Far left: As a Senator from Delaware,
Biden made a daily commute from
Delaware to Washington, D.C.
Left: Joe Biden’s 1987 presidential
campaign kick-off celebration at the
Wilmington, Del., station.
Since then, on those many trips
down to Washington, I got into a routine. From Wilmington to Baltimore I’d
read the papers and make phone calls.
At Baltimore, I’d start preparing for that
day’s hearings, amending my opening
statement or going through the list of wit-nesses. And by the time I arrived in D.C.,
I’d be ready to jump right in.
Getting home was sometimes a sprint,
too. One year, on my birthday, my daughter had planned a party for me. She really
wanted to give me a gift and blow out
candles. Senator Bob Dole was the Majority Leader at the time, and we were voting
that night. I told him that I really had to
be home for my daughter, which meant
that I needed to catch the 5: 54 p.m. train.
Senator Dole backed up the votes
until 9 p.m. I boarded the train and,
in Wilmington, my daughter was
standing there on the middle platform. She and my wife sang “Happy
Birthday,” I blew out the candle, took
a piece of cake, opened her gift, gave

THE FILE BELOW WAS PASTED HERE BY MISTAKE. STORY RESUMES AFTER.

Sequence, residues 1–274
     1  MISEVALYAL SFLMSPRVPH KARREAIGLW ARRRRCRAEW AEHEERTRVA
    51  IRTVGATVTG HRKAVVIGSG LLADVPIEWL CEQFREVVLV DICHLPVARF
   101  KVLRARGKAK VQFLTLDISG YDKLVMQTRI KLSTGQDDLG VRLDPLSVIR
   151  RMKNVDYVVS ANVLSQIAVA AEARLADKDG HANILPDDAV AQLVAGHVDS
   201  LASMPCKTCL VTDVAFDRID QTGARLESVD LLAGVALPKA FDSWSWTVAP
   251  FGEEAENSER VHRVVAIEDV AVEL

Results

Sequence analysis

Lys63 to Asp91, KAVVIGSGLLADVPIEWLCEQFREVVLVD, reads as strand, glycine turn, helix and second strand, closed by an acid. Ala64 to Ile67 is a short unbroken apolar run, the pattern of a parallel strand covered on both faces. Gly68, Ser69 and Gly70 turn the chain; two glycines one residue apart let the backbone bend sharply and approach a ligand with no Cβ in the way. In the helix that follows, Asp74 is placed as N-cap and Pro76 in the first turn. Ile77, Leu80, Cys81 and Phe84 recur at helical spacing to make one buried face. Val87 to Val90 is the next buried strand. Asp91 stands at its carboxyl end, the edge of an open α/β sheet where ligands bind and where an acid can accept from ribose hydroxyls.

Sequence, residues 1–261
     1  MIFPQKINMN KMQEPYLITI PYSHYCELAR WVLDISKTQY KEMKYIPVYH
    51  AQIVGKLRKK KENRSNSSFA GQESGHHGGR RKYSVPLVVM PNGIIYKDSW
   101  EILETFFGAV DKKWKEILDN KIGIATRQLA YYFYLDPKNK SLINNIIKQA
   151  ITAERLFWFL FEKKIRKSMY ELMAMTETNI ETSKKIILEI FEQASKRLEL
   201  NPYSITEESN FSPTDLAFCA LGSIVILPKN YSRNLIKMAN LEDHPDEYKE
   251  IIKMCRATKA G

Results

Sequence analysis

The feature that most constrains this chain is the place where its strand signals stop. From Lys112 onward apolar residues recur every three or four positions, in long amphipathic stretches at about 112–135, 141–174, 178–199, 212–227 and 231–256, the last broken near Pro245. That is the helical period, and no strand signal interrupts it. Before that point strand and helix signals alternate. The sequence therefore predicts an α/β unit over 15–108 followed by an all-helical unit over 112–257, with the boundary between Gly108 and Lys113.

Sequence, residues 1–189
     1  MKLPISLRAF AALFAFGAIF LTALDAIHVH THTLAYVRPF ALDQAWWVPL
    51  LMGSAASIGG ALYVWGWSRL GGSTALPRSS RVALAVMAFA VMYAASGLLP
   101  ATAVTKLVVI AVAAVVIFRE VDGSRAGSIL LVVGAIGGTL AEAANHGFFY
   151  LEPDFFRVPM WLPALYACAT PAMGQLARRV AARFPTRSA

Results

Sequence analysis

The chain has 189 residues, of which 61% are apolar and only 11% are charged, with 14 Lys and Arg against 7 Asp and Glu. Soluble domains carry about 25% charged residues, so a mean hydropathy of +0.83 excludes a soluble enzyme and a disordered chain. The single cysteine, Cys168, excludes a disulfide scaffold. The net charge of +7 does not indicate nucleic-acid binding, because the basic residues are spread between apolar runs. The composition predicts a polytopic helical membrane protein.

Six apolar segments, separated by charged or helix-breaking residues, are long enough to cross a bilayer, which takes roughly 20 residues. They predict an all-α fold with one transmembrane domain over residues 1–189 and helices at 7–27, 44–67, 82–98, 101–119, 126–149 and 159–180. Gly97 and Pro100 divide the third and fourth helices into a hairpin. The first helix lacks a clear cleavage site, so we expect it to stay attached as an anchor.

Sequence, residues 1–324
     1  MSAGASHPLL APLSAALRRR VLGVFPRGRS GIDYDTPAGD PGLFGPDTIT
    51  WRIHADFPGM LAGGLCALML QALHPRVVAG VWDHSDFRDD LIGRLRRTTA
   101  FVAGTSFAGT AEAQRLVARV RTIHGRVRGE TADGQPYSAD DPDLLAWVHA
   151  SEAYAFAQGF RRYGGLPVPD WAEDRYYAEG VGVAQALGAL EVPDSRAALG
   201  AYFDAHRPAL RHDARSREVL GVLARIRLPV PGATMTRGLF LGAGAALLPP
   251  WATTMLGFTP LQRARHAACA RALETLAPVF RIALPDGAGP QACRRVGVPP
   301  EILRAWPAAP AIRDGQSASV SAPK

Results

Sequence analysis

her a kiss, and caught the 7: 23 p.m.
going south—and managed to be
there for the 9 p.m. vote.
Amtrak doesn’t just carry us
from one place to another—it
makes things possible that otherwise wouldn’t be. For 36 years,
I was able to make most of those
birthday parties, to get home to
read bedtime stories, to cheer for
my children at their soccer games.
Simply put, Amtrak gave me—and
countless other Americans—more time
with my family. That’s worth immeasurably more to me than the fare printed on
A Constant Need
When I took the train every night—and
I still do whenever possible—I always
noticed the lights on in the houses
President Abraham Lincoln’s
funeral train (top right)
leaves Washington, D.C., on
April 21 on an itinerary that
largely retraces the route
taken by President-elect
Lincoln in 1861. America’s
farewell to the president
also marks its introduction
to the Pullman “sleeper” car,
which had been developed
the previous year and served
as the conveyance for the
slain president’s coffin.
The ceremonial “Golden Spike”
(bottom left) joins the Central
Pacific and Union Pacific rail
lines at Promontory Summit,
Utah, on May 10, creating the
first transcontinental railroad.
The driving of the spike by Central Pacific Railroad President
Leland Stanford is captured in
a famous photograph and a
painting by Thomas Hill; it lives
on today in the design on the
Utah state quarter.
In a seminal moment in Ameri-
can labor history, President
Grover Cleveland sends
federal troops to Chicago to
end the strike by the American
Rail Union, led by Eugene
Debs (right), against the
Pullman Palace Car Co.